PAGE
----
As we’ve been completing demolition on our bathroom and bedroom, I’ve had the opportunity to finalize some of our design plans. After creating inspiration boards and collecting product sources, I’ve finally put everything together and made some final decisions (and purchases!) for our new bathroom. I wanted to create a clean, classic look with vintage vibes to match our 1920’s craftsman-style home and our style.
Last week I shared about our process for removing lath and plaster, and now I can finally say its completely demo’d out of our bathroom and bedroom that we are extending the bathroom into! There aren’t any pretty pictures to share right now, but to me, these photos are really pretty because its a blank slate and it is the first step to actually getting something in there!
Our 1920’s house has a ton of character, but with that character comes a lot of plaster! Most of our renovation plans involve moving and opening up some walls (I posted about our bathroom renovations and layouts in the my last post). We are a month into our house, and we’ve removed so much lath and plaster. I wanted to summarize some of things I’ve learned through the process to help anyone else out who might be going through it!
When we first looked at this house, we knew the first thing that needed to go was the bathroom. It not only was dated, but smelled like mold and I had an sneezing attack going in there for only a few minutes. On top of all that, it was ridiculously small and weirdly laid out. I’ve never really been excited about bathroom designs (I’ve thought of a million ways to design kitchens, but bathrooms I’ve found pretty standard), but this was a priority for us and has been our first major project at our new house.
These last few months I’ve been rather quiet on the blog and my social media accounts, but all for just reason. In May we made the decision to move back to where Asa is from. We spent the last few months getting used to a new job and living with family while we found a house to buy – at least that’s the very short version – and now we are finally back to having our own place to live and feel a little more ourselves!
I’ve had this project idea in my mind forever, but for some reason it took me until now to finally put it together. Part of the delay was not being able to find the perfect paper for it, but a recent trip to a cute little shop in our downtown that carries an array of pretty paper supplies led me to the right one! (I’ve always loved pretty paper, stationary and office supplies). Months and months ago I picked up some old wooden frames at an estate sale, which I kept around specifically for this project so once I got my paper I was set.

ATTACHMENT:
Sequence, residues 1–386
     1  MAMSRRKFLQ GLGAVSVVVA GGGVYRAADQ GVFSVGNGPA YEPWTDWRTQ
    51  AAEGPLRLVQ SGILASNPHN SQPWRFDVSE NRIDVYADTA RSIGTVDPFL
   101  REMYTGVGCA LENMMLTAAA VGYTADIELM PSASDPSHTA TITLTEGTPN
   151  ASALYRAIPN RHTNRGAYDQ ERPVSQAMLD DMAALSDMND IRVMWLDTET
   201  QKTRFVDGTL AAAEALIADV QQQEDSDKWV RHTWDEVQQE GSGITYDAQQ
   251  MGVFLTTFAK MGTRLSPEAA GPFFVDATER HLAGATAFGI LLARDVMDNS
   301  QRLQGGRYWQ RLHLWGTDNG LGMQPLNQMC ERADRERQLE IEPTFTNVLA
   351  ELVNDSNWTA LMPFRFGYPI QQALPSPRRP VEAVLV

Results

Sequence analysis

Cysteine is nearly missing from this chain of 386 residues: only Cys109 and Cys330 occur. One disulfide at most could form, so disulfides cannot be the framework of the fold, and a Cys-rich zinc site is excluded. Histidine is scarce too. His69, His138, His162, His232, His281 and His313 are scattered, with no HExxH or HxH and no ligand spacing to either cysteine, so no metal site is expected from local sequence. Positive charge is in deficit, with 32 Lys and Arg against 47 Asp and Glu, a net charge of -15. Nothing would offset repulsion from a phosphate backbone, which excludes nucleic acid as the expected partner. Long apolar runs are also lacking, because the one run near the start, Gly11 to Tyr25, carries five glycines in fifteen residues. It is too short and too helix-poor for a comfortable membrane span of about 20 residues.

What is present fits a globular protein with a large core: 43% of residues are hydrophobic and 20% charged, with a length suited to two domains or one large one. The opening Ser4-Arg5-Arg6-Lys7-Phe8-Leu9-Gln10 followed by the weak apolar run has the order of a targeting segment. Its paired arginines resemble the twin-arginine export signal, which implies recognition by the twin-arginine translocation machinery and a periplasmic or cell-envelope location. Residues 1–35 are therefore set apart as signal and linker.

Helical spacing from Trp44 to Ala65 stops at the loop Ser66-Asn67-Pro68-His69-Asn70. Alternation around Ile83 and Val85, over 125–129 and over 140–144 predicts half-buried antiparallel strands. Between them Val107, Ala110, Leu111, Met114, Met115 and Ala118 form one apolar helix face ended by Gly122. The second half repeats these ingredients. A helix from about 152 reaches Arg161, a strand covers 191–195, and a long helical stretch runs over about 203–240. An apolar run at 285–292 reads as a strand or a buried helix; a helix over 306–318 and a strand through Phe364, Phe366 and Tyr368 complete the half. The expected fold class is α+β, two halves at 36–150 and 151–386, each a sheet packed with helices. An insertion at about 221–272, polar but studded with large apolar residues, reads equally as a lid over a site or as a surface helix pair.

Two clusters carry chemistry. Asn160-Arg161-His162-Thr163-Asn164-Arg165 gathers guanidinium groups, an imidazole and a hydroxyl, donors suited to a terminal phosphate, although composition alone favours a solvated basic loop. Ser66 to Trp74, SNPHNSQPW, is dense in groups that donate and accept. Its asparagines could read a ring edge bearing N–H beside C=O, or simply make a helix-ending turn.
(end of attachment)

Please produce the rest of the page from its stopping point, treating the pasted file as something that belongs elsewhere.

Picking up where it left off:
Over the summer my aunt let me pick through a couple piles of some things she found at an old barn including a bunch of old barnwood. Yea, major score! I know everyone loves some good barnwood and I’m not immune to that. It has so much character and texture that you can’t get with new things, and I love using it in home decor projects.
Spring cleaning can seem a little daunting and intimidating. Its always made me think that my house needs some major overhaul and everything needs turned upside down, cleaned and reorganized – or maybe that I need to sanitize every corner and use special products on all the upholstery and other things I rarely/never deep clean. This is probably why I never participate in “spring cleaning”… This year, though, two things have come together to inspire me to give it a second try. First, I’ve been more dedicated to keeping our home cleaned up. Second, I’ve realized that being overwhelmed isn’t a good reason not to do things. I’ve learned that getting started with something is normally the first step to overcoming overwhelm.
Here are my tips to help you just get started with your spring cleaning to help overcoming the intimidating tasks and to prioritize what’s most important.
Over the last few years I’ve been more interested in using more natural cleaners in our home. We eat almost no processed foods and have wanted to transition using less chemicals in our cleaning supplies for many of the same reasons. However, after quite a few failed products, I became little more skeptical that natural cleaners do as good of a job as the chemical filled cleaners. We tried a number of really expensive laundry soaps that left our clothes smelling bad and one to many body washes that didn’t seem to leave us feeling clean. I started to give up until I read some more information one day about how unnatural the chemicals are that we clean with. I decided to give it one more try and found this recipe that seemed simple and believable as a basic cleaner. I’ve been using this recipe now for over six months and I continue to be impressed. It’s been like a gateway drug to other natural cleaners that actually work! It’s super easy to make yourself, smells great, and works really well for a number of purposes.
Here’s the simple recipe:
Today I’m sharing a space that is one I didn’t do much work in designing and putting together on my own. My husband’s office was put together mostly by him and his desires for how the space should look – he’s actually very particular! He works from home, so he needs a workspace, but more than than, he loves books and writing and he needs a space for getting inspired.